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Grading concrete roadbed

By Bobby Waal | December 26, 2014

A how-to related to "Greening your railway" in the February 2015 issue

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concreteroadbed
concreteroadbed
After years of dealing with rodents, like gophers and moles, burrowing into his gravel-ballasted trackbed, Bobby Waal embarked on a project to convert all roadbed to concrete, seen here under the middle track on his Alps Railway. —Photo: Nancy Norris
Nancy Norris
Alamo, California, Zone 9

When using concrete forms to pour roadbed for track, I’ve developed a civil-engineering approach that works great for straight, curved, or sloping track.

1) Trench. Clear and dig about 4″ into ground to give a 4″-thick section of roadbed. We typically use an 8″-wide roadbed per track. Make sure the dirt is well compacted in the bottom of the trench.

2) Stakes. On the edge of the trench, drive in 2′ wooden stakes every 24″, following your trackplan.

3) Straights. If the railway is flat, you can use a long carpenter’s level to mark the forms. The same can be used if you have an elevation change and the track is straight.

4) Curves. When you are grading a curve or a long section of track, it is better to use a surveyor’s level, if available. You can also use a basic level or a laser level. A laser level allows this to be a one-person operation.

5) Grade. The math is simple to figure out the elevations for your forms. Start with a beginning point and an ending point. Measure the distance along the track between the two points. Using a surveyor’s level, measure the height difference between the starting and ending points. Convert all dimensions to decimal feet (if you are measuring in inches, divide by 12.): i.e., 6″ = .5′; 4″ = .33′; etc. Take this height difference (rise) and divide it by the length of track (run). An example would be 4″ rise in a 10′ run = .33 ÷ 10 = 3.3% grade.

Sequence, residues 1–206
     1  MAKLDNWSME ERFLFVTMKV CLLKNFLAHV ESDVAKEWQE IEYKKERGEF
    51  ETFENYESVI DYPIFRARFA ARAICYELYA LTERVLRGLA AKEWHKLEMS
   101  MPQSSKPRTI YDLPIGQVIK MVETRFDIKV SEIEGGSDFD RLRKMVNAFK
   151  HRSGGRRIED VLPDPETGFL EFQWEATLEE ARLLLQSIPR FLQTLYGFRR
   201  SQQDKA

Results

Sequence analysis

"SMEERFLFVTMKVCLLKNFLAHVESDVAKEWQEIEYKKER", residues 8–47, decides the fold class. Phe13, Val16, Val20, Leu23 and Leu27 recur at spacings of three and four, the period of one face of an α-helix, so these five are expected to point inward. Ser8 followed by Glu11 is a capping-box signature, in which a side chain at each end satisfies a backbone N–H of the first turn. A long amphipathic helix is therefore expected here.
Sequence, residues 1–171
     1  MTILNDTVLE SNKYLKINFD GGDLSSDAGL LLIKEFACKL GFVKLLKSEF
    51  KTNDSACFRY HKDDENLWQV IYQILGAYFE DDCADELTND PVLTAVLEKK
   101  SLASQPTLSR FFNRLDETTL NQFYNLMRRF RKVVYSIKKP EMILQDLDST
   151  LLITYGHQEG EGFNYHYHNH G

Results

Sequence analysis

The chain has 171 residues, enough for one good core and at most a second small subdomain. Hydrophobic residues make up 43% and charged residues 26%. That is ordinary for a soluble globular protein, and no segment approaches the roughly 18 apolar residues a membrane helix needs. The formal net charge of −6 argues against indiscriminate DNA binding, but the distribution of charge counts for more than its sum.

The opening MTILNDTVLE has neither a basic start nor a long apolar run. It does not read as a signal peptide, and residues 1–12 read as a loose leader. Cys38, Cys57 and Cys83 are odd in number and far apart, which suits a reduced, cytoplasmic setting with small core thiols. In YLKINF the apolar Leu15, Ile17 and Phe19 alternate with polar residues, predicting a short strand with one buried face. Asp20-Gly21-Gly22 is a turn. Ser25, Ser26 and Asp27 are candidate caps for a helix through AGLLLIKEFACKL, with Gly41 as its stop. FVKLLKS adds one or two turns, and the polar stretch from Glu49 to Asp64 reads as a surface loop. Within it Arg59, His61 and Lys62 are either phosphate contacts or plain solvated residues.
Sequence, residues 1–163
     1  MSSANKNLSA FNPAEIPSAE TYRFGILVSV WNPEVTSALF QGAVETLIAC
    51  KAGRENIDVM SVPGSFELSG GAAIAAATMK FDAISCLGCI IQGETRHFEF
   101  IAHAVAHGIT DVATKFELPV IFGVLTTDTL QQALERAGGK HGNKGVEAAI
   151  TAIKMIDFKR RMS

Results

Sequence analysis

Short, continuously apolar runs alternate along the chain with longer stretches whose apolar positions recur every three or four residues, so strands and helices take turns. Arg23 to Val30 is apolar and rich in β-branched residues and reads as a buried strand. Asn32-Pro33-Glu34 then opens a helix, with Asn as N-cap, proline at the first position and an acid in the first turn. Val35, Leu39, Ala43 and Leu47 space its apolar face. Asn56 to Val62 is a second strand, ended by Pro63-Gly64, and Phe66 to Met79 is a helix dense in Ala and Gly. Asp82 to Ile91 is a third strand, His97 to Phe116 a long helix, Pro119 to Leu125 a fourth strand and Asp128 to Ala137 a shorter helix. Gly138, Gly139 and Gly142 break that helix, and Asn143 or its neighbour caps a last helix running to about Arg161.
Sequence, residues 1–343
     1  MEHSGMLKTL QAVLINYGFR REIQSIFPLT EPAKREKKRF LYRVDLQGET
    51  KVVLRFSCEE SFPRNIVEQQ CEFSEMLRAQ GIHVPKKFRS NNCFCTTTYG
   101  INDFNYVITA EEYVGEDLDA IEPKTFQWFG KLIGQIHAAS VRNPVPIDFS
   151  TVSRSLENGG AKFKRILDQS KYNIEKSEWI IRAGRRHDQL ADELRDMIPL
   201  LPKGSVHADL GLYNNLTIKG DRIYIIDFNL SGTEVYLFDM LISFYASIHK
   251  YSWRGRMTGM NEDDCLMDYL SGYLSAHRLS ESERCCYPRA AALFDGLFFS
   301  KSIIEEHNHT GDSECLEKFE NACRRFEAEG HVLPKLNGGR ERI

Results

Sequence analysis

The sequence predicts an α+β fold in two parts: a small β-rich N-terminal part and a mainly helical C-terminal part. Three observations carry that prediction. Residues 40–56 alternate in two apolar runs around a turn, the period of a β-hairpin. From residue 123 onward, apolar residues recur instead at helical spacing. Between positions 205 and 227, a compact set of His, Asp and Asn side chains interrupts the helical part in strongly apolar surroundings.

6) Marking. Use this technique to calculate elevations for each form stake you put along the roadbed at 2′ intervals. If the first stake is 2′ away from your starting point, the grade will be 2′ x .033′ = .07′ of grade change in 2′, or 7/8″. Repeat these calculations all along the roadbed. If you are already using an existing surface as a form, such as stones, landscaped walls etc., Shoot the elevation you need for grade and mark the stones instead of using form stakes.

7) Forms. Once you have marked all of your stakes with the elevations of the roadbed, it’s time to attach your form to the stakes.  Garden benderboard or Masonite works well. The top of the form must line up with the elevation marks on your stakes.

8) Changes. At locations where you are changing grades, such as going from flat to a hill, a little artistic license is necessary. You can either calculate the change using a vertical-curve formula, or simply eye the transition. We usually just set a section of track right on the wet cement and try to smooth out the transition, using the track as a guide. This way our trains will ride smoothly. Wash your track when you are done so the wet cement does not stick to the ties!

9) Pour. Before you pour the cement, make sure to account for any wires or utilities (present or future) running under the track. Then pour the cement. Remove the forms in the green stage and clean them for reuse. Wait two weeks for the concrete to cure before walking on it.

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